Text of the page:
It’s no secret that I love reading. I’ve been an avid reader since I was small, when I could often be found with my nose so completely buried in a book that I was oblivious to everything around me, including exasperated calls from my parents!
Indeed, learning to read at a young age meant I learned many words in written form long before I ever heard them, sometimes very surprised at how they sounded. Most of my odd pronunciations have long since come to light (though I still pronounce lilac to rhyme with pillock even though I know it doesn’t).
Recently, I’ve been more traumatised than you might expect to learn about another word I’ve been getting wrong all these years. I have always been familiar with the word misled, past participle of mislead and pronounced “miss-lead“. But for some reason, I never twigged that another word I have been using, and which I pronounce as “my-zld” is, um, the same word…
(Do follow that my-zld link, by the way, it’s absolutely brilliant.)
I mean, when I stopped to think about it (after Pete looked at me incredulously and then hysterically and then pityingly), of course I could see that two words that were spelt the same and had the same meaning (though the nuances were different in my head) were obviously in fact one word. But, you know, my brain totally my-zld me.
However, even though I’m still not over the shock (a good few weeks after learning about it), I’ll not hold my distress against reading. I’m still a loyal bookworm, even though I can’t help but worry a little about which word might waylay me next.
And also an introduction to my picks for a recent challenge to pick my summer holiday reads up to a value of £25. At first, I thought I might pick some science fiction – when I’m actually away on holiday, that’s my favourite genre. (I read it at home too, of course, and plenty of it!) But this summer I’ll be staying at home, so I decided to buy some cookery book titles, and chose two that felt like buying myself a decadent summer gift. Not only will I enjoy reading both of these books, relaxed in the garden or on the sofa, but I can look forward to cooking myself some deliciousness too.
Jekka’s Herb Cookbook by Jekka McVicar
Jekka McVicar is the woman behind Jekka’s Herb Farm, a South Gloucestershire organic herbs nursery specialising in culinary, aromatic, decorative and medicinal herbs. The farm, which celebrated its silver jubilee this April, has over 650 varieties of rare, tropical and native species in its collection. Undoubtedly, Jekka McVicar is the queen of herbs and I’ve purchased some of her herb seeds myself over the years.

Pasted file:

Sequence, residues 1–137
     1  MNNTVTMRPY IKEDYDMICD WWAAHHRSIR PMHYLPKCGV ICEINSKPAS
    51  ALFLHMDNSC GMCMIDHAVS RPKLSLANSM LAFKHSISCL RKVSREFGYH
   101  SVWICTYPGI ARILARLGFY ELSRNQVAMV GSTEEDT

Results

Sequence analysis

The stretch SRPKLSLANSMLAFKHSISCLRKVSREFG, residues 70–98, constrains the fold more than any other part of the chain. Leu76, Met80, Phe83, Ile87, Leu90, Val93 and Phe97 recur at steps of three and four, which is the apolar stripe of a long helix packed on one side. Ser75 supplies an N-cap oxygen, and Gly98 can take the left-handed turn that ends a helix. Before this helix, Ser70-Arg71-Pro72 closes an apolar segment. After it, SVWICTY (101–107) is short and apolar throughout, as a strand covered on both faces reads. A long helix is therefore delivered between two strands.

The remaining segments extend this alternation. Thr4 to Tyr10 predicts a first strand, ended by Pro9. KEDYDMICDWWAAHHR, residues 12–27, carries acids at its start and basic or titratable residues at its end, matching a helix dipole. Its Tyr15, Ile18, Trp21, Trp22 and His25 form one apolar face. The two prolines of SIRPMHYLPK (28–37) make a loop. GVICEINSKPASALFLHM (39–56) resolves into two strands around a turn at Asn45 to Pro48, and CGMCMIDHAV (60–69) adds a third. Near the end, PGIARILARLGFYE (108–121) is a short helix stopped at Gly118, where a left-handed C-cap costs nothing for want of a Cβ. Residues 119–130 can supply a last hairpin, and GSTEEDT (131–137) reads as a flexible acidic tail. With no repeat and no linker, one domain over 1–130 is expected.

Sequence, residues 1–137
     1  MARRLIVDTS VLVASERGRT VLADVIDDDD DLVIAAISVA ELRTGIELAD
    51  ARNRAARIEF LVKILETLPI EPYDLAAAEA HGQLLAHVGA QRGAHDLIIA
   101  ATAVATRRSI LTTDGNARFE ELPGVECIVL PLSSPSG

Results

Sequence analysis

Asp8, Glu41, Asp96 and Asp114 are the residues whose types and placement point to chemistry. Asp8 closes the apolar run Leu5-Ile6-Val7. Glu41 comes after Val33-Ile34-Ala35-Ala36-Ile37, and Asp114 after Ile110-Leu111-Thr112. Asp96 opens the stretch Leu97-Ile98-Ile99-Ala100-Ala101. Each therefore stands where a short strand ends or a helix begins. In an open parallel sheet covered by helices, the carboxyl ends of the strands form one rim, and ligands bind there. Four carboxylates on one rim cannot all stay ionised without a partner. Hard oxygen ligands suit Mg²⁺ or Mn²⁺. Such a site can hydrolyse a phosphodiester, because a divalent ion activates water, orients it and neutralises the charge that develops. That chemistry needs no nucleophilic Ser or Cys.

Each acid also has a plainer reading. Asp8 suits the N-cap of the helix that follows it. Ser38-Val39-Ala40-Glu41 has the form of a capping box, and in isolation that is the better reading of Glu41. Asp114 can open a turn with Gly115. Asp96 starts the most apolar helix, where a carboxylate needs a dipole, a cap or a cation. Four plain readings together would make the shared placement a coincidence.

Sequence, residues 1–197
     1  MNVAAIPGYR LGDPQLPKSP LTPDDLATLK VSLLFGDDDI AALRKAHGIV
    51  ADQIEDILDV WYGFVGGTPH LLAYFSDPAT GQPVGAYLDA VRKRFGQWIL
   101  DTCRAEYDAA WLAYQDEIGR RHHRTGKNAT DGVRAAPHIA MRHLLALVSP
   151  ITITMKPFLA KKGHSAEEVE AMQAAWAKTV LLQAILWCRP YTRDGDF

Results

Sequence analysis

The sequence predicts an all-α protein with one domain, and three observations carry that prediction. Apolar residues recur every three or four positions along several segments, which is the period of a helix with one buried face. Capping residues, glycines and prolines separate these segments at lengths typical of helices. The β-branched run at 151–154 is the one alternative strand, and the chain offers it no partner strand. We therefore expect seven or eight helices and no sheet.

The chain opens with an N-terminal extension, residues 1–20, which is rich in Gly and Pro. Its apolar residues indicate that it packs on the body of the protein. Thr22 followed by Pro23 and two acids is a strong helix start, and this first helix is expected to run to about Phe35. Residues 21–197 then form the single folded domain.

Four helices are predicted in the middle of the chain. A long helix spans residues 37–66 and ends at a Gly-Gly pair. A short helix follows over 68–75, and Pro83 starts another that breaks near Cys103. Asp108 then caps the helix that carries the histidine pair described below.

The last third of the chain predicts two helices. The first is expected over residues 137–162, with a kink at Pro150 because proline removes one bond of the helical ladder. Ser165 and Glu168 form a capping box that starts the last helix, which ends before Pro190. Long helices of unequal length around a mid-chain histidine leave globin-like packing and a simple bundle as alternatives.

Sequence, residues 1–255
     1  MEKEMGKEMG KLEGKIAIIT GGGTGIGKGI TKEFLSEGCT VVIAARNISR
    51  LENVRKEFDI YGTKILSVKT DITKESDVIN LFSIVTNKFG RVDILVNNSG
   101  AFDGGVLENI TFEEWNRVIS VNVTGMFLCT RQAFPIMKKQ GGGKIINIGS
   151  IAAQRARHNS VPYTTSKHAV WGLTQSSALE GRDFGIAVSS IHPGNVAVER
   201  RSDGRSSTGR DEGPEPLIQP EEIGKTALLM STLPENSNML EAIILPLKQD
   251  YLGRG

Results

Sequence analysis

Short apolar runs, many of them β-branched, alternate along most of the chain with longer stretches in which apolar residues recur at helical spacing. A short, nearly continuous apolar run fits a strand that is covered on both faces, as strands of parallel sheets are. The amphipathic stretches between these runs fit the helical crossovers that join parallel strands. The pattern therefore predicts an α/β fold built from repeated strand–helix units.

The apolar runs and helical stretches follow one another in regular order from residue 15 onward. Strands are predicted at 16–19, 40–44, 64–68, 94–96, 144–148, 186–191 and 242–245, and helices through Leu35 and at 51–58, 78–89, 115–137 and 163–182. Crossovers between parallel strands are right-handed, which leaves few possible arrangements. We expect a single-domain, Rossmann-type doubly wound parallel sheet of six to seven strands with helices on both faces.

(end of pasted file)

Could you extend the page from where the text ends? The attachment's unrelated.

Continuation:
In this book she chooses fifty herbs that she loves to cook with and gives a description of each plant, advice for growing it, its history in cooking, any medicinal uses and of course, some recipes. The illustrations are by her daughter, Hannah McVicar.
We’ve had a kitchen garden for several years but the herb garden we planted many years ago pretty much died away, and we’re planning to replant it over the coming two or three years. I’m hoping this book will not only give me inspiration and advice which herbs to grow and how best to nurture them but also some great ideas on how to best use the harvest.
Mma Ramotswe’s Cookbook: Nourishment for the Traditionally Built by Stuart Brown
I love Alexander McCall Smith’s feel-good books about Mma Precious Ramotswe and her No.1 Ladies Detective Agency. From the very first book, I’ve been enchanted by the characters and stories and the unconventional focus on quirky people, odd happenings and interpersonal relationships. That the series is set in Botswana appeals too; a country I’ve visited twice, though my focus has been safari holidays in the bush rather than the urban landscape of the books.
I loved the tele-adaptation too.
With a foreword by Alexander McCall Smith himself, this cookery book celebrates the table of Mma Ramotswe and includes fruit cakes, sweets, stews and curries – the kind of things Precious cooks for her loved ones.
Reviews on Amazon tell me that the book is interspersed with quotes from the books, as well as lovely illustrations and photographs. All the reviewers have praised how well it reflects the fictional world of our favourite lady detective and how true it stays to the spirit of the stories. Southern African reviewers also confirm that the recipes are true to their regional cooking, so definitely worth a try.
What do you think of my choices and which books would you have chosen?
Kavey Eats was given a £25 Amazon book voucher by Idealo UK.